Islam, as an all-embracing religion that deals with all aspects of life, lays down rules and regulations that set the affairs of people in order and spread peace, welfare, prosperity, and well-being.
In the field of clothes, for example, Islam commands Muslim men and women to abide by certain code of ethics. Muslim women’s dress (hijab) serves as a good example in this regard. Men, likewise, are forbidden from wearing gold and silk.
As regards your question, we’d like to cite the following fatwa issued by Sheikh M. S. Al-Munajjid, a prominent Saudi Islamic lecturer and author:
“It should be known that Allah, Most High, is Wise in His commands and prohibitions. He does not command anything except that which is in people’s best interests and He does not forbid anything except that which is harmful. People may or may not come to understand the reasons behind these commands and prohibitions, although Allah has His Wisdom in any given issue.
Having said that, it is still not right to make following a command or prohibition dependent upon knowing the wisdom behind it; rather we should hasten to carry out the commands of Shari`ah, regardless of whether the wisdom behind it is clear to us or not. If it is clear, then praise be to Allah, and if it is not, then the Muslim should not let the fact that he does not know it prevent him from acting in accordance with the ruling of Shari`ah. This is true submission to the command of Allah, and Islam means submission to Allah and obeying Him.
If a person makes his actions dependent on understanding matters which may or may not convince him, he is in effect following his own thoughts and desires, not his Lord and Master.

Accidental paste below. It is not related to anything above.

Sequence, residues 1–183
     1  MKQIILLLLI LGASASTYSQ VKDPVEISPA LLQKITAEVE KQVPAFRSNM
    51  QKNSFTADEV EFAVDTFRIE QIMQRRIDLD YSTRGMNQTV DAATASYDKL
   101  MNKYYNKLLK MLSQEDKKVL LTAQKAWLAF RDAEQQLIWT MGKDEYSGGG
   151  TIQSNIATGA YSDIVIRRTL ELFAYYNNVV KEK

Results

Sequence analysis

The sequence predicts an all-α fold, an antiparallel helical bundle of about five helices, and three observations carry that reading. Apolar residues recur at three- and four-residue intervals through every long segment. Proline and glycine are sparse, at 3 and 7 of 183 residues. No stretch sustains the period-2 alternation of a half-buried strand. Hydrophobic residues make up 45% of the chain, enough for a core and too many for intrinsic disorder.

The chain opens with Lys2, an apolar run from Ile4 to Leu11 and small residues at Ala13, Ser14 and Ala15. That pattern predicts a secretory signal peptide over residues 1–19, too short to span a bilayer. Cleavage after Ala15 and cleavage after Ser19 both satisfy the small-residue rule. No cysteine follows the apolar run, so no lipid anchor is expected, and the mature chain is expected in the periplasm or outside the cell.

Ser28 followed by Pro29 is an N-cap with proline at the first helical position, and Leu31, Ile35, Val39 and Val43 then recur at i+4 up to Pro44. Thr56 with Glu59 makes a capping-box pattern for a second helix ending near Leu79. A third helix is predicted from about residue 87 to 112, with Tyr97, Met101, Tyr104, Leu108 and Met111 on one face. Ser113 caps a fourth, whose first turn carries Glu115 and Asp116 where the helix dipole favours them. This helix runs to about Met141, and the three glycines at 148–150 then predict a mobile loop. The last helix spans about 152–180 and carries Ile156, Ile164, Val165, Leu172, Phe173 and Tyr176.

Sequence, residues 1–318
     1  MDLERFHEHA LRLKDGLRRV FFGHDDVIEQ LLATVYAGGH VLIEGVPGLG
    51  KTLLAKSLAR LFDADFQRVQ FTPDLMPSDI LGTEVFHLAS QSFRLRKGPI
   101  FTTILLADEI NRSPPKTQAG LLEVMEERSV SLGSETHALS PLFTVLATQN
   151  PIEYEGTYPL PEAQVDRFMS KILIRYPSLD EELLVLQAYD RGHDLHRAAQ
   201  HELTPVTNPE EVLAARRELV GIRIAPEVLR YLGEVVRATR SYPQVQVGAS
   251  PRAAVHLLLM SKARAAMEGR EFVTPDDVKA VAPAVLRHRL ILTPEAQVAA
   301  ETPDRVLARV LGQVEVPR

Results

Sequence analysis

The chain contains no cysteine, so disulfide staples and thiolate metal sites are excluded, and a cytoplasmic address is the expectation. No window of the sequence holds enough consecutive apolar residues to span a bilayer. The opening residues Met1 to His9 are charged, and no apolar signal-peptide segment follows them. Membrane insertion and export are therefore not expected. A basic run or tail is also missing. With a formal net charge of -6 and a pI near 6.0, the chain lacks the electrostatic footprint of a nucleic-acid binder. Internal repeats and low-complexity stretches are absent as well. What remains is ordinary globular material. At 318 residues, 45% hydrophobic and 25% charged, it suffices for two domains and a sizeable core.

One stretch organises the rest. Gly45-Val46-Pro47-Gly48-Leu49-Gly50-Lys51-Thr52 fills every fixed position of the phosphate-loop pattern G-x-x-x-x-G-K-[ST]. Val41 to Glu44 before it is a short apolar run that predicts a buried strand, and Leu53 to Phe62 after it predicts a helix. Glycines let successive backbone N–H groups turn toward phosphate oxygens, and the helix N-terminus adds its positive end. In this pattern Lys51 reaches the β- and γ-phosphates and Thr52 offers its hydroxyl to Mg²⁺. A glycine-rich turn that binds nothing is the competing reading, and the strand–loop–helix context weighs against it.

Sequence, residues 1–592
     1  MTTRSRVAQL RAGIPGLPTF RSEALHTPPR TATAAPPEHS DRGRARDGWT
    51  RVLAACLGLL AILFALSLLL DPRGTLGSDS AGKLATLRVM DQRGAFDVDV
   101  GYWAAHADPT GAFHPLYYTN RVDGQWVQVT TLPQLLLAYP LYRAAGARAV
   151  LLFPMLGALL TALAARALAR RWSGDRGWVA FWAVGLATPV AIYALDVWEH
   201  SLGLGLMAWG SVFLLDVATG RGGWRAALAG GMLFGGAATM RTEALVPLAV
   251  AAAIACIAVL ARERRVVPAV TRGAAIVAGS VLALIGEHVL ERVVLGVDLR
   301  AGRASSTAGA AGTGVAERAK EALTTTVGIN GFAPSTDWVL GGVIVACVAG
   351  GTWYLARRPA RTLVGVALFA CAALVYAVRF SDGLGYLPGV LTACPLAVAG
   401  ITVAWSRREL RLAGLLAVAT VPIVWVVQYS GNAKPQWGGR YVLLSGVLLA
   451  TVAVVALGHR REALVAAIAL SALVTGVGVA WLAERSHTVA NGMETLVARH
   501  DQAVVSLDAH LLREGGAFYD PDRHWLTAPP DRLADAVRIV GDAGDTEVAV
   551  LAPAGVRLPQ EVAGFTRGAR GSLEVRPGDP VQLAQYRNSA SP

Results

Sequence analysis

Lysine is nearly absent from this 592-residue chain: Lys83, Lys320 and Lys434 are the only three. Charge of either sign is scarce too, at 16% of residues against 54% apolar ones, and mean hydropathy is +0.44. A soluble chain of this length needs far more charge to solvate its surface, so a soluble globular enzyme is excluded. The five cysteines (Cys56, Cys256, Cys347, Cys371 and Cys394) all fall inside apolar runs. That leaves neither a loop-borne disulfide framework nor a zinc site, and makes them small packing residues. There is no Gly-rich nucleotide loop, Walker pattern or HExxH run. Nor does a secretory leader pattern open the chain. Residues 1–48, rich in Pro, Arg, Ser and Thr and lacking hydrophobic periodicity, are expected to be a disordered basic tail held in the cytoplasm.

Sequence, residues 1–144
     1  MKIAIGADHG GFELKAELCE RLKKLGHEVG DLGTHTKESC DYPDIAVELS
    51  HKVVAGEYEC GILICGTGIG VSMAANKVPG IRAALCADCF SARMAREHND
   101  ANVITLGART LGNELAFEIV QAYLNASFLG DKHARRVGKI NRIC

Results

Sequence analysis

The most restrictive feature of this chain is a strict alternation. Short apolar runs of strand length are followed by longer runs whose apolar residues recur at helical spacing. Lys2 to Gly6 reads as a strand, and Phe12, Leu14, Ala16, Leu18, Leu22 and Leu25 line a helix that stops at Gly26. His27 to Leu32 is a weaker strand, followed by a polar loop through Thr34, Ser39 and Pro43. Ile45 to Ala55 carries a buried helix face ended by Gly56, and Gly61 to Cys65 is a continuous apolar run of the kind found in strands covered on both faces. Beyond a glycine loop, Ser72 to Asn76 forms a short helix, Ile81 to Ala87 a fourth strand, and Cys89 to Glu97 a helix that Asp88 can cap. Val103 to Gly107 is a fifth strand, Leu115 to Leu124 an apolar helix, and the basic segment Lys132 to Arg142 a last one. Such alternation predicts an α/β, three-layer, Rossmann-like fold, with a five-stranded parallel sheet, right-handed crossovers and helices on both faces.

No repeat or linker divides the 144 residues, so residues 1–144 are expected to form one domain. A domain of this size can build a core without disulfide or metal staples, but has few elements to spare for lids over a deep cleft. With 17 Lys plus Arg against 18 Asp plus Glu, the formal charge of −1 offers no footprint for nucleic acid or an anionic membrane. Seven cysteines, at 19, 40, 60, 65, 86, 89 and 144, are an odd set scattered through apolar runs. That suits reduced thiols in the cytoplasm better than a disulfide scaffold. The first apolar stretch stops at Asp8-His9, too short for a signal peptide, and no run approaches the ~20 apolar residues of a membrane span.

By no means does the above mean that it is not important to look for the wisdom behind the rules of Shari`ah, or that doing so is forbidden, but we should not make knowing the reasons a condition for acting upon the ruling.
As for the point in question, the scholars have discussed the reasons for silk being forbidden for men. For example, ibn Al-Qayyim suggested in his brilliant work, Provision of the Hereafter, that:
“Among those who believe that there is reason and wisdom (behind the rulings of Islam) – and they are the majority – are some who answer that Islam has forbidden silk so that people will keep away from it for the sake of Allah, so they will be rewarded for that. Others reply that it’s basically created for women, as is the case with gold jewelry, so it’s forbidden for men lest it corrupts them by making them resemble women. Some scholars maintain that silk is forbidden because of what it may lead to in the way of pride and showing-off. Others relate the ruling (prohibition) to its having effect of femininity on men, as it goes against his masculinity and manliness. This applies to all men, even the most masculine and chivalrous of them. Whoever is too dense to understand this should just submit to the Wise Law-maker.” (Provision of the Hereafter, 4/80)”.